April 1, 2013
Illiteracy they say is Pakistan’s scourge. It is what shackles people in the chains of ignorance, condemns them to begging at corners, to injecting drugs, to selling their daughters and waiting in vain for birthing sons. Illiteracy, is the reason that good decisions cannot be made by voters, who cast ballots because they believe the powerful can punish them if they are not elected, and forget that that they will also themselves be punished them if they are elected. Illiteracy, leaves piles of rubbish on street corners, causes brothers to kill sisters and husbands to kill wives and mobs to burn down houses. There are many, if not all, of our problems that we can pin to illiteracy, it is the core and the curse of Pakistan’s affliction.
Such a hatred of illiteracy and such a decisive recognition of its consequent ills, one would assume, would produce an equally fervent desire for literacy, for learning, for schools and all that accompanies a country’s intellectual advancement. But for all the professed love, all the avowed promises, all the passionate proclamations, there is nothing to show. In the past year, however, what was simply lazy inaction has now grown up and morphed into an actual, angry hatred of education itself…
One year ago, Pakistanis lamented only the school burnings and the school bombings done by the Tehreek-e-Taliban Pakistan. But last year, the attack on schools graduated to something more. In October, Malala Yousafzai, marked her momentous escape from the school girl killing brigade of the Tehreek-e-Taliban Pakistan. Weeks later, on November 1, 2013 a girls’ school in Lahore was attacked and then burned to the ground by a furious mob. The cause for the destruction; an accusation against a teacher for having blasphemed against the Prophet, The reported context; a harried woman copying down a passage on a blackboard, an accidentally turned page and two unconnected passaged merged together into a mistaken concoction deemed worthy of death. Death was demanded for the principal who soon became a prisoner. The teacher ran and hid and tried to save her life.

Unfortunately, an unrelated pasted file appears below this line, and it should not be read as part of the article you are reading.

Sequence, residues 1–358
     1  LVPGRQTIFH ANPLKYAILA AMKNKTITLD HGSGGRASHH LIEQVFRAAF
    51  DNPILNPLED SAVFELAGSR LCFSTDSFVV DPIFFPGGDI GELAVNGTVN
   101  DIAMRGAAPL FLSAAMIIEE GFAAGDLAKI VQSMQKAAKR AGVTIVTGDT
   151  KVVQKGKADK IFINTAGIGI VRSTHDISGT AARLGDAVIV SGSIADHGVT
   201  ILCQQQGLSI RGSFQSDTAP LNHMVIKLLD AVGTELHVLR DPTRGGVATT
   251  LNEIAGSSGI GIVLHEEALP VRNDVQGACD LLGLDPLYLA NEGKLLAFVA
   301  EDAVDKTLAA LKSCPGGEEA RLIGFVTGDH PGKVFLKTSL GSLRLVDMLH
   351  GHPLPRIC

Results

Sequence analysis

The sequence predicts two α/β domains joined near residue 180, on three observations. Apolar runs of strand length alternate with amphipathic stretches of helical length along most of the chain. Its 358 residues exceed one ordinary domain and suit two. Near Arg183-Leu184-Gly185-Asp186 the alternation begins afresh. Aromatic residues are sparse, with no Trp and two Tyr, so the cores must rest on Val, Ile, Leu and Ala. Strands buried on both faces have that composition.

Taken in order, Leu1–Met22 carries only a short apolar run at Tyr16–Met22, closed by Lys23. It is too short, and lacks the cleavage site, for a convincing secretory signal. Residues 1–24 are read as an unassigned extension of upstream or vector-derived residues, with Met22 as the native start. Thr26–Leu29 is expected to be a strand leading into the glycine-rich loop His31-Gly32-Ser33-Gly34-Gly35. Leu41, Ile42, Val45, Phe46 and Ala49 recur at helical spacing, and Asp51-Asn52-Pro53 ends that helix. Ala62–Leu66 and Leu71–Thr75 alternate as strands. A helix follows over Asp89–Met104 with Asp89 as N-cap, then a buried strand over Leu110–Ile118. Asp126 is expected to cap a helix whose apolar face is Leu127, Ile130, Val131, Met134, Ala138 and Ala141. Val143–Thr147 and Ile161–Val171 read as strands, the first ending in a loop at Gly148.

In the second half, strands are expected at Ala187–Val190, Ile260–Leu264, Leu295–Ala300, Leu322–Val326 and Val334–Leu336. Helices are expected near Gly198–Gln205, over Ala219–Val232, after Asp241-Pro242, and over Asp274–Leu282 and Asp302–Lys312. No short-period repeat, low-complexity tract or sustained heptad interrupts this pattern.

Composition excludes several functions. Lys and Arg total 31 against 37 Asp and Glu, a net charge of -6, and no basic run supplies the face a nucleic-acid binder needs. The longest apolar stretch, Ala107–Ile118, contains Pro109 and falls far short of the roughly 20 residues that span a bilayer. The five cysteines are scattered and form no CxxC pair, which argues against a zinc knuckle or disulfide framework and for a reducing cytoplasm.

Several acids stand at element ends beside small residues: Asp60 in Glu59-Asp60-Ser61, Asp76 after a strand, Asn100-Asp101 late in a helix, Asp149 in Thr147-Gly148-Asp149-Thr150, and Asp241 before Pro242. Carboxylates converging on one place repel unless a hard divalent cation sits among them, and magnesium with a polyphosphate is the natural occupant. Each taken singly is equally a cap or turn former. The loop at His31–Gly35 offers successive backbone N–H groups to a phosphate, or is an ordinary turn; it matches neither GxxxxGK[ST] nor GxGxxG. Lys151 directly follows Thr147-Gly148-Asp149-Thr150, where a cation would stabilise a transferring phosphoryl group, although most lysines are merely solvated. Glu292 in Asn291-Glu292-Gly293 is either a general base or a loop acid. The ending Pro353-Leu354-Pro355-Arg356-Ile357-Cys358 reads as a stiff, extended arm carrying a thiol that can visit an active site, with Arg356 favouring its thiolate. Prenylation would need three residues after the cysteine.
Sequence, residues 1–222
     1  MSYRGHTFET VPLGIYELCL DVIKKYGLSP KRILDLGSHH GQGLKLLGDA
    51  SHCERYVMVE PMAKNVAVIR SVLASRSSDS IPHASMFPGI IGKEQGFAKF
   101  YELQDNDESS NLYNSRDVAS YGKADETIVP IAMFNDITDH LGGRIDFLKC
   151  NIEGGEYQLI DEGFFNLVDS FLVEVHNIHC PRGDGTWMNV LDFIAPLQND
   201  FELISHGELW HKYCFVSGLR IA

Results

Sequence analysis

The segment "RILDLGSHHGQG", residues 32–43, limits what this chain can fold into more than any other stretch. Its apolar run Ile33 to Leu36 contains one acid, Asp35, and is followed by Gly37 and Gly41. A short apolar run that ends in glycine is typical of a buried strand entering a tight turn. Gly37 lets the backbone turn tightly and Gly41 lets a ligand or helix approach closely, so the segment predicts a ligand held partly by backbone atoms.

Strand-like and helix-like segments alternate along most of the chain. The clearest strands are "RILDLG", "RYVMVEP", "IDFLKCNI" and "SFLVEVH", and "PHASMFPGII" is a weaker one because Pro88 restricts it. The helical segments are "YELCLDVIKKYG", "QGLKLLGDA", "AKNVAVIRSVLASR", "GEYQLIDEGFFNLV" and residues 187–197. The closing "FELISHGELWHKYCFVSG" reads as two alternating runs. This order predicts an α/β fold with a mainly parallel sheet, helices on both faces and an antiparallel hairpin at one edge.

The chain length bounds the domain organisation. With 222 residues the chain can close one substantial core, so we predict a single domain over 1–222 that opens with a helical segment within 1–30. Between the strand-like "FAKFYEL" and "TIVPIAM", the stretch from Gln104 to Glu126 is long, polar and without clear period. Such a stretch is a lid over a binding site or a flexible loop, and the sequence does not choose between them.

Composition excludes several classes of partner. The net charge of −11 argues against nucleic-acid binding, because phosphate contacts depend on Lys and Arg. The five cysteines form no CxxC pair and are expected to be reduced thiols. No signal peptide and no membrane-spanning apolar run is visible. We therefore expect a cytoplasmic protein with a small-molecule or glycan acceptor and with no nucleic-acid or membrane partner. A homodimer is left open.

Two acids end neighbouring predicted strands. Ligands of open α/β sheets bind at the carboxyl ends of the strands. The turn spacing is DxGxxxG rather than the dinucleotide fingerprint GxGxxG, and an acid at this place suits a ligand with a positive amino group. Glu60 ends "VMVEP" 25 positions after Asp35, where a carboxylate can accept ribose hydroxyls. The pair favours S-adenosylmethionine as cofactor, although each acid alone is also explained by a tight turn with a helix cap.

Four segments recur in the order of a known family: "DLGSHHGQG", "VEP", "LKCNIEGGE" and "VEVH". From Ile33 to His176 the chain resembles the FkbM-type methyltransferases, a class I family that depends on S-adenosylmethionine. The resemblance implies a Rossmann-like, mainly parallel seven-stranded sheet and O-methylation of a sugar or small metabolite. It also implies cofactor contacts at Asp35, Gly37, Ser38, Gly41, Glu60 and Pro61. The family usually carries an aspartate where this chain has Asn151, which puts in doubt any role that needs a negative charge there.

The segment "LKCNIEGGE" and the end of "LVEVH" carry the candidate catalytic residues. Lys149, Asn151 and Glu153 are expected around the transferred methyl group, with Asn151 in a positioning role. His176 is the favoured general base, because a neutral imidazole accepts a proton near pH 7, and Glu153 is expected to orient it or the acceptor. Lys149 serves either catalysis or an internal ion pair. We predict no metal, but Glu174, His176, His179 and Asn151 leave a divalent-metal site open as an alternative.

Between then and now, over 15 schools were blown up or bombed. On January 2, 2013 a bomb blast at the University of Peshawar, outside a classroom injured several people and terrified several hundred more. Going to University, it announced to everyone still believing in the value of an education; is an extremely lethal business. On February 12, 2013, a college was bombed in Mardan where a bomb had been placed outside the Physics Department. If others were left doubting, the mob that gathered atBahauddin Zakariya University in Multan on March 15, 2013 could have sealed the argument against teaching and learning. Led by the members of the Tehreek-e-Tahaffuz-e- Namoos-e-Risalat, the Multan mob had a single demand: the arrest and immediate execution of a lecturer in the University’s English Department. The man’s crime, an alleged blasphemy committed on a social networking site. The imperiled Professor fled and hid to save his life, the rabid mob and their leaders vowed that they would find him and kill him.
Then came the killing of last week when a poet and a professor, Sibte Jaffar was gunned down. The event was tragic, but everyone shrugged their head and nodded. “He was a known target” some said, being a Shia and a poet and a professor, everyone agrees today is a lethal combination; an obvious invitation for some secret gunman’s unforgiving bullet. Thus proceeds, the war against learning, where being a female student, or a male professor or anyone asking others to think, to pause, to consider, is a target. An illiterate Pakistan was one where the lack of education made the polity slow and dull and easily duped, a Pakistan that has declared war on teachers is one that is suicidal.
Rafia Zakaria is a columnist for DAWN. She is a writer and PhD candidate in Political Philosophy whose work and views have been featured in the New York Times, Dissent the Progressive, Guernica, and on Al Jazeera English, the BBC, and National Public Radio. She is the author of Silence in Karachi, forthcoming from Beacon Press.